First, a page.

Another possibility is if you have recently acquired the plant, have moved it, or have experienced a change in climate, the plant could be still adapting to its new environment. If lobes begin to wither, the trap will no longer be capable of shutting.

How and When Does a Venus Flytrap Open?

Once your plant’s trap has closed, it may reopen in two or three days if it is empty and has not captured prey. The trap may also open quickly if the thing inside it is not something that it can digest and use as food. 

When the trap has captured an insect that can be used as food, it will commonly reopen after 10 to 14 days. That’s how long it will usually take the trap to properly digest a bug.

When a trap is closed and empty due to a false trigger or because a human has triggered the mechanism, the trap may open relatively quickly, even immediately in some cases. It might also maintain a semi opening for several hours if it does not perceive more stimuli.

The opening mechanism of a trap is not as rapid as the closing mechanism, so do not expect to see a quick reopening. However, once it has reopened, the trap is ready to capture new prey.

Venus Flytraps Open Following a Meal

If your plant has captured a fly or insect, and after it has consumed and digested the bug, the trap will open. Venus Fly Traps will digest most parts of bugs except for skeletons. When your plant’s trap reopens, you may find a dried skeleton left behind.

How Many Times Can a Venus Fly Trap Open and Close?

Most traps can open and close approximately 3 to 5 times before dying. Each trap consists of two foliage lobes, and each set of lobes will have a limited period of time that it can be used by the plant.

Once the period has exhausted itself, leaf lobes will wither and die, completing the life cycle of the individual trap. 

Do venus fly traps open back up after that? Unfortunately, not.

Will a Trap Die if Touched by a Human?

No, an individual trap will not die because it has been touched one time. What does happen is that if you trigger the trap and it closes, you have wasted some of the plant’s vital energy, weakening the plant.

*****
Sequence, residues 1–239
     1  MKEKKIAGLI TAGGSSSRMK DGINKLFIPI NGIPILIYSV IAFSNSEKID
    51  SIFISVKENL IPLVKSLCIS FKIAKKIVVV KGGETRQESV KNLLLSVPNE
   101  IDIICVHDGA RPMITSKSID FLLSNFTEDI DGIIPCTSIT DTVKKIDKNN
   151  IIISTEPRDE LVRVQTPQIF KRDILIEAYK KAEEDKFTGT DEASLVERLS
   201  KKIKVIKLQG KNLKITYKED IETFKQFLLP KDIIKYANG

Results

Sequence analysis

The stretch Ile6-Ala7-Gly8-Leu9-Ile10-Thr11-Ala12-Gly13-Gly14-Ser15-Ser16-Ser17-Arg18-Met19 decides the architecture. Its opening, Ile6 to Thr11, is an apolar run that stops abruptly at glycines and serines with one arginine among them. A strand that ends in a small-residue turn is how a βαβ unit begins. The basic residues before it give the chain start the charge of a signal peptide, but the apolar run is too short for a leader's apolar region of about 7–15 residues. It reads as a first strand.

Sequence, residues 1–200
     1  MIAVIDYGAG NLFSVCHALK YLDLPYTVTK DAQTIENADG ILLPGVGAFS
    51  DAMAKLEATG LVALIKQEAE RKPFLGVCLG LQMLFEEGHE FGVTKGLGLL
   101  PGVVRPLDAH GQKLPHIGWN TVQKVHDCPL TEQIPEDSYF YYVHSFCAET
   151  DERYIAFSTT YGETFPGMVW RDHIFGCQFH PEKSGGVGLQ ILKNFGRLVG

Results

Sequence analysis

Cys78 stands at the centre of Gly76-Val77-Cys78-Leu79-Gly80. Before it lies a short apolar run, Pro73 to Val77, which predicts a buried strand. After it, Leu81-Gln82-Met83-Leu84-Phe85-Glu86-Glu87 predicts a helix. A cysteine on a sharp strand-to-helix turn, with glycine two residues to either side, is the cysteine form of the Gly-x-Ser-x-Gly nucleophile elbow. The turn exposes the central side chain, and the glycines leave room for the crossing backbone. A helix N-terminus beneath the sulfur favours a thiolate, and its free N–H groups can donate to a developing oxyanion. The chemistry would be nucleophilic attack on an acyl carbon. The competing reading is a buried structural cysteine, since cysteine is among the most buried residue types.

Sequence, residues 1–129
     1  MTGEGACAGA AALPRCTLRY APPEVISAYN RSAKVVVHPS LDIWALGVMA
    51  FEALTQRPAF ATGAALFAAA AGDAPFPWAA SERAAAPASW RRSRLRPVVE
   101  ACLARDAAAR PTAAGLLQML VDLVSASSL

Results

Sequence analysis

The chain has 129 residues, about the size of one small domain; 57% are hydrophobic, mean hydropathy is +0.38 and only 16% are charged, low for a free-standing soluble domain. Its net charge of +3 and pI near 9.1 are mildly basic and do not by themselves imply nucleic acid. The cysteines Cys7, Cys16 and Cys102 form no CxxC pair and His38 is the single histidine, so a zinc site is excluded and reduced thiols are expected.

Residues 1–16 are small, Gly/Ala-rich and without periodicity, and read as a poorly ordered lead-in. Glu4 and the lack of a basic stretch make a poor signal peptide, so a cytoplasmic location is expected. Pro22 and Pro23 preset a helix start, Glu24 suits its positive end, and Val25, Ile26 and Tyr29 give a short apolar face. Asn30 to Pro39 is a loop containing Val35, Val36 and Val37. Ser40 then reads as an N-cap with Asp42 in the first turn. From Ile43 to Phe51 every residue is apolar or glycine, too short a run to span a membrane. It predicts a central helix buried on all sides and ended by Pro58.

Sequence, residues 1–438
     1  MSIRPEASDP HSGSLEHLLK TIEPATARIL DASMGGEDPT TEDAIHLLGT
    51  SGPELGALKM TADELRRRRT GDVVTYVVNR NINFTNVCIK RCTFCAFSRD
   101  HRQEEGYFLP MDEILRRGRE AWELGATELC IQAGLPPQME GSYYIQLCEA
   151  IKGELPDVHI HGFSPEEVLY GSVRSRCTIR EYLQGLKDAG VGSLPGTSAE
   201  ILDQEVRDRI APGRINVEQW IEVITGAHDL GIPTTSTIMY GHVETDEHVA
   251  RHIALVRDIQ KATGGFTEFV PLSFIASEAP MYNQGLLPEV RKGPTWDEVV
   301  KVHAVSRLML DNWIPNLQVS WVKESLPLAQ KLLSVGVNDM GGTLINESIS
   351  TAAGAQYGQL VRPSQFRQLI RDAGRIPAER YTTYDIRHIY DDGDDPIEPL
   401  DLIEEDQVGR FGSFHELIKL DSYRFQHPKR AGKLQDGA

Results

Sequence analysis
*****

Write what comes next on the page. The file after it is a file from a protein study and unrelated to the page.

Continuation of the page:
Do that multiple times and the trap may exhaust all its energy, leading to the trap not being able to close and digest food in the future, leading to its death. If you want to see a trap close, feed it an insect to observe the trap closing.

How Long Does a Venus Flytrap Stay Closed?

Flytraps may remain closed for several minutes, hours, or days depending on if it’s empty or what else is in its trap. When prey has been captured, length of time for when the Venus flytrap opens back up will also depend on the size of the insect. 

The length of time for the trap’s digestive process can be as short as seven days or as long as 21 days.

When traps close, they are filled with enzymes for digestion until the prey is decomposed and absorbed. This closure also prevents bacteria or fungal infiltration during digestion.

How to Open a Venus Flytrap

If you attempt to manually open a flytrap, you may harm and damage your plant. Trap leaves should never be forced open.

Closed flytraps will not reopen unless the plant decides it is the right time. In some cases, if the trap has exhausted its natural lifespan, it may not open at all, but may die still closed and fall from the plant.

How to open a Venus fly trap requires you being patient. It’s your best option!

Venus Fly Trap Opening and Closing Final Thoughts

How and when the Venus Flytraps open and close is determined by various factors. Understanding those factors will help you better understand how to keep your plant healthy and happy.

Here are other Venus Flytrap articles to help you learn more:

Fast Growing Trees and Plants

Photo of author

Written by:

Amy Walsh
Amy Walsh is a passionate indoor gardener, deeply engrossed in the world of houseplants and herbs. Her apartment is a lush sanctuary of foliage, reflecting her journey from hobbyist to devoted botanist. She's constantly exploring the latest in smart garden technology, eager to share her insights on nurturing green spaces indoors. Alongside her botanical pursuits, Amy enjoys connecting with nature and friends, continually enriching her lifestyle with greenery and growth.